When I think of perfect trilogies, a few franchises jump into my head immediately. The original Star Wars movies, Evil Dead and Indiana Jones are the first to come to mind. When I walked into the movie theater to watch Rise of the Planet of the Apes six years ago, Hell, even when I walked in to see Dawn of the Planet of the Apes three years ago, I had no idea what sort of legacy this prequel trilogy would leave. As the introduction of War for the Planet of the Apes concluded, I knew right then and there that this series will go down in film history as one of the greats, and I know I’ll remember it for years to come.
It picks up after the shaky realization at the end of Dawn that after Koba attacked the humans, they will never let the apes live in peace. The apes, still lead by Andy Serkis’ Caesar are looking for a place to migrate to far away from the humans who are constantly pounding at their gates. After an attack from the film’s antagonist, The Colonel (Woody Harrelson), Caesar refuses to run any longer and the war officially begins.
I think the biggest reason that War takes the throne as the best of the three films is thanks to the fact that the vast majority of its screen time belongs to Caesar and the apes. In the first two films, it was the constant exposition dumps from human characters that caused them to drag, but in War, The Colonel’s motivations are reserved to a single scene, and Harrelson carries it confidently and frighteningly. In fact, setting aside one five second scene of glaring and unnecessary product placement, there isn’t a single one that feels off or doesn’t work – thanks in no small measure to the near-perfect motion capture at play in War.
I’ve always thought the apes in these films looked great, even if little Caesar in Rise is starting to show his age, but the work that the animators have done in War rivals, and at many points surpasses the likes of last year’s live action remake of The Jungle Book. Beyond the lifelike visuals of the apes, the environmental shots aren’t too shabby to look at either. The plot almost mirrors the video game The Last of Us, taking the audience through lush west coast forests and snowy mountain lodges, and each new location is prettier to look at than the last. Watching our civilized world peel away around military strongholds and giant dams have been a visual treat, but in War the earth that we know is all but gone.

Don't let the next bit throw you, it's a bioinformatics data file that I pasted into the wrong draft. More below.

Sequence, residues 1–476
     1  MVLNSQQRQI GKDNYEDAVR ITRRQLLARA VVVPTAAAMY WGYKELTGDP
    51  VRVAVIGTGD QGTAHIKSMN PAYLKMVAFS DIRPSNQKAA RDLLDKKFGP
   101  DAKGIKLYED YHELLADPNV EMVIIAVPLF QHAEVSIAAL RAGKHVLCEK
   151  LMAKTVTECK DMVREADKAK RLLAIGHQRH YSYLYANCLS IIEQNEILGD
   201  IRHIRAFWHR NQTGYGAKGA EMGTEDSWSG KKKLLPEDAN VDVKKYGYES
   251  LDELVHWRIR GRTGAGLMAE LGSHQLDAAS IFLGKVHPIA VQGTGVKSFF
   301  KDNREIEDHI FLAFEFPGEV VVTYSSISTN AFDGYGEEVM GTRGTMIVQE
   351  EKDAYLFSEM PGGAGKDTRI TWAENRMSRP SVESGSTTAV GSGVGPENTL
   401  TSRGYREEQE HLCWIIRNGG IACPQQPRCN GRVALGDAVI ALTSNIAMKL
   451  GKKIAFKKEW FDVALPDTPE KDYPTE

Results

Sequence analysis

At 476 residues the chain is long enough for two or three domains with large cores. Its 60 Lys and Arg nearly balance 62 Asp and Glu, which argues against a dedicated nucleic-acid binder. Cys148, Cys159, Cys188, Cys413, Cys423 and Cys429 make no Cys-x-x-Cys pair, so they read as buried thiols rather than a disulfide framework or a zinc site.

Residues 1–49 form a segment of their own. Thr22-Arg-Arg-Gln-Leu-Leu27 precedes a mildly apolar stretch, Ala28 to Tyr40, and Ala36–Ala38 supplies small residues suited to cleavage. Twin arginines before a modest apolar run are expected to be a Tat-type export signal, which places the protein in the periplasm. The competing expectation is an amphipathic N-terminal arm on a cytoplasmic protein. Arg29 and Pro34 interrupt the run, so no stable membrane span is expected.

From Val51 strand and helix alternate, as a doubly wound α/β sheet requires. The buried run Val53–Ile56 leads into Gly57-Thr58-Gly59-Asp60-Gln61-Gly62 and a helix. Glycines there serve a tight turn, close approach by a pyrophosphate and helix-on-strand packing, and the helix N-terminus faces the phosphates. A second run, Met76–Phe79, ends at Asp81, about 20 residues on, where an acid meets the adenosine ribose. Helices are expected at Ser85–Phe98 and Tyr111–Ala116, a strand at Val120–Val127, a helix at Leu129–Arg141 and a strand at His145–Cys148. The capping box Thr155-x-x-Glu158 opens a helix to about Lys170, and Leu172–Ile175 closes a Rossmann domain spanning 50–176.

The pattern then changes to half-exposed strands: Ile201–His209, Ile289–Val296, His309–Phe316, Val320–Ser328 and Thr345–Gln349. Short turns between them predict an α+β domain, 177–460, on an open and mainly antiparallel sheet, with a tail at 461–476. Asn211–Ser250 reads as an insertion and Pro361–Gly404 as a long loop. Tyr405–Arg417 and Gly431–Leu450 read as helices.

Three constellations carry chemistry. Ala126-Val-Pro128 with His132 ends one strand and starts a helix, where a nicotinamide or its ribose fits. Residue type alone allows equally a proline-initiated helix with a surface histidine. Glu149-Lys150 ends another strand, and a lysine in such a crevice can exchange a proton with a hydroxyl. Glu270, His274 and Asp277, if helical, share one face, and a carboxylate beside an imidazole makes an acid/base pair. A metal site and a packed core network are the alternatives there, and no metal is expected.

If I was held at gunpoint and forced to pick one aspect of War that stood out the most to me, it would be Michael Giacchino’s score. Even though some of the film’s best moments don’t feature any music at all, when the soundtrack kicks in, it’s impossible not to feel exactly what the characters on screen are feeling. It calls back to the films that came before this franchise almost flawlessly all while feeling fresh and new with its string-heavy beats. Much like I did after seeing Star Wars Episode VII: The Force Awakens, I’ll be listening to War’s score on the way to work for weeks or even months to come.
I will admit that when Steve Zahn’s Bad Ape made his debut, I sucked in a sharp breath of air and held it all through his first scene. It’s a gritty war film after all, and comedic relief in such a bleak and admittedly dark story can go wrong so easily. Fortunately, Zahn was more than up to the task, and his character effortlessly nestled his way into my favorites club right alongside Caesar, Rocket and the compassionate Orangutan, Maurice. Finally, even the human child character played by Amiah Miller tugged at my heart strings after she joins Caesar and his crew.
I thought 2017 peaked with Logan, the last film I gave a perfect review on Bloody Disgusting. I’m both surprised and happy that I was proven wrong only three months later. War for the Planet of the Apes is not only the best film in the prequel trilogy that debuted the better half of a decade ago, it’s a masterpiece and one of the best films I’ve ever seen. Do yourself a favor and check it out as soon as possible.